asked the Under-Secretary of State for Air what is the total subsidy which has been given to civil aviation in this country, including that given to Imperial Airways, during the last five years; and what are the comparable figures for France, Germany, and the United States of America over the same period?
§ Sir P. SASSOON
The only figures between which a direct comparison can conveniently be drawn are those relating to subsidies for the operation of regular services, and in most cases it is only possible to give the amounts taken in estimates and not those actually expended. The approximate amounts of subsidies, taking conversions of currency at the par rates of exchange, for the five years 1929–1933 are:1773W
— Great Britain. France. Germany. United States. £ £ £ £ 1929 … … … 339,200 1,387,167 930,005 2,975,749 1930 … … … 388,750 1,577,811 930,005 2,848,988 1931 … … … 394,882 1,577,811 921,439 3,528,051 1932 … … … 398,343 1,582,480 849,828 4,900,393 1933 … … … 399,959 1,465,260 849,828 4,755,627 Totals … … … £1,921,134 £7,590,529 £4,481,105 £19,008,808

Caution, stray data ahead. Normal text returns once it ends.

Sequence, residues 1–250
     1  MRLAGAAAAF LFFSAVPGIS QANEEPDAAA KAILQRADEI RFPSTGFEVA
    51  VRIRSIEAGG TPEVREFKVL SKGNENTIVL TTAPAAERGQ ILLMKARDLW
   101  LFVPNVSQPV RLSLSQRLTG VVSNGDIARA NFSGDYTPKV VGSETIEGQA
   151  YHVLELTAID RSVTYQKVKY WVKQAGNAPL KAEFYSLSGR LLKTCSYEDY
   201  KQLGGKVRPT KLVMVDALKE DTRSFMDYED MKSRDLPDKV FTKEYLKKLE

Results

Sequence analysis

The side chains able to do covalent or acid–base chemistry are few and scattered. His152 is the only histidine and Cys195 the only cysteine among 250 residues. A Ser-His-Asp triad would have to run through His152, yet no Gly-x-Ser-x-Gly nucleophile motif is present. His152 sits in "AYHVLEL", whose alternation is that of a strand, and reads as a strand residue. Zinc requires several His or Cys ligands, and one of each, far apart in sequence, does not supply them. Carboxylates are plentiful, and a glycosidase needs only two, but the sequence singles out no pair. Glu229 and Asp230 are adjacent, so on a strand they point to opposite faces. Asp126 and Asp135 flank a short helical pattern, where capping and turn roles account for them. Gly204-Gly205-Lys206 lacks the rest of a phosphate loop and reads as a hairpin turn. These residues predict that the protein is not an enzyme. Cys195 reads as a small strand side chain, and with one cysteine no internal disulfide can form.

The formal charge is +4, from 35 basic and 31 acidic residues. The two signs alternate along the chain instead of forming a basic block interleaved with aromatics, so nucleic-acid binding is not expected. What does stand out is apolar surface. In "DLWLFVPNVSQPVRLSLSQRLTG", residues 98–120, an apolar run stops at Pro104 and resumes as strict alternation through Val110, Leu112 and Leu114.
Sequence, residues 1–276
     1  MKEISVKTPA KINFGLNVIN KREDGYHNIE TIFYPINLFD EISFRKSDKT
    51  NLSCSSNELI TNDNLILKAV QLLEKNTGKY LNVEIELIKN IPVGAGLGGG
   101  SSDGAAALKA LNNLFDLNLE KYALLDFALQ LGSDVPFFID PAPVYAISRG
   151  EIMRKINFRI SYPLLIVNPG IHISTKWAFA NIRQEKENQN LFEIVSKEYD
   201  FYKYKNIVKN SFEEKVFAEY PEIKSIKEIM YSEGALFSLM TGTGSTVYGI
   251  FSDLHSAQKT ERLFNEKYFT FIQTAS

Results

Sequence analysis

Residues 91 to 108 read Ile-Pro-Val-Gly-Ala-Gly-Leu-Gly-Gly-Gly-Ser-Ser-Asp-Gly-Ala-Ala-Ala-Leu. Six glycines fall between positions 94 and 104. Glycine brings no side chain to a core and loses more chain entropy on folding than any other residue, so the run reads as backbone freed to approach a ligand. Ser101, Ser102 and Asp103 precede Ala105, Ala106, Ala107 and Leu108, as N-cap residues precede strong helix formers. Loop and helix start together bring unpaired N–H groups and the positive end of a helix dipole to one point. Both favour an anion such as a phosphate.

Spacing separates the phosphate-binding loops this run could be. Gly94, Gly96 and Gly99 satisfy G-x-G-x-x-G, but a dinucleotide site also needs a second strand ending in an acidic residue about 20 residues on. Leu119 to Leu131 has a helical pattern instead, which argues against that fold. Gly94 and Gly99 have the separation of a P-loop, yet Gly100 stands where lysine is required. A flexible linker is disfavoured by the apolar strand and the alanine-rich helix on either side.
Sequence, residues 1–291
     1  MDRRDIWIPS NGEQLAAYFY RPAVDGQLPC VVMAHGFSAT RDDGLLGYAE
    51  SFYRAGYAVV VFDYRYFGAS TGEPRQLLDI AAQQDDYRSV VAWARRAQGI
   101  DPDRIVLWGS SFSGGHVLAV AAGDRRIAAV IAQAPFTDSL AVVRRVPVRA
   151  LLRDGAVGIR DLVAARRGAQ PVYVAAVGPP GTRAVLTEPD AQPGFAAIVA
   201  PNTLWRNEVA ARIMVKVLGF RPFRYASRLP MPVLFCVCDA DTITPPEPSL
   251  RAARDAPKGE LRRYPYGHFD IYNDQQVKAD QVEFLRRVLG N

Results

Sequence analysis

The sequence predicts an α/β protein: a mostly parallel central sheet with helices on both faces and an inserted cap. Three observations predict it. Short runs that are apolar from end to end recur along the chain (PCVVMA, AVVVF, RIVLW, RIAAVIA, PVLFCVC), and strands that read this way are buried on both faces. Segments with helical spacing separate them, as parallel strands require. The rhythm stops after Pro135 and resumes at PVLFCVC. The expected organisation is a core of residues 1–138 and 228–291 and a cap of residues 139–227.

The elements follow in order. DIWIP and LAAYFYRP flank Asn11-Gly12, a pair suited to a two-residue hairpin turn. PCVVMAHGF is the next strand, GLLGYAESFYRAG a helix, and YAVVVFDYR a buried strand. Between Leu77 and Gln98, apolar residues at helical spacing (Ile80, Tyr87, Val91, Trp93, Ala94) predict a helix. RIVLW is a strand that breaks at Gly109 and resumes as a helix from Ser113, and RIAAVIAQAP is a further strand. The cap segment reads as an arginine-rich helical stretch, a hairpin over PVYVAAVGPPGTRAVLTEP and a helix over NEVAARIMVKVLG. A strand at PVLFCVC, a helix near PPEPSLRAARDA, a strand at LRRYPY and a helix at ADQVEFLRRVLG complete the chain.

The financial year differs in the various countries. In the United States of America in particular it ends on 30th June, and the figures given are those for the 12 months ending 30th June, 1929, and the four following years. It should be added that in the case of the United States of America the true subsidy can only be ascertained in arrear when the Post Office makes known the loss actually incurred on the operation of air mail services. The United States of America figure for the year 1929 is an estimate; those for the other years are the published figures of losses. The figures for Great Britain exclude the Dominion and Colonial contributions to certain Imperial air services.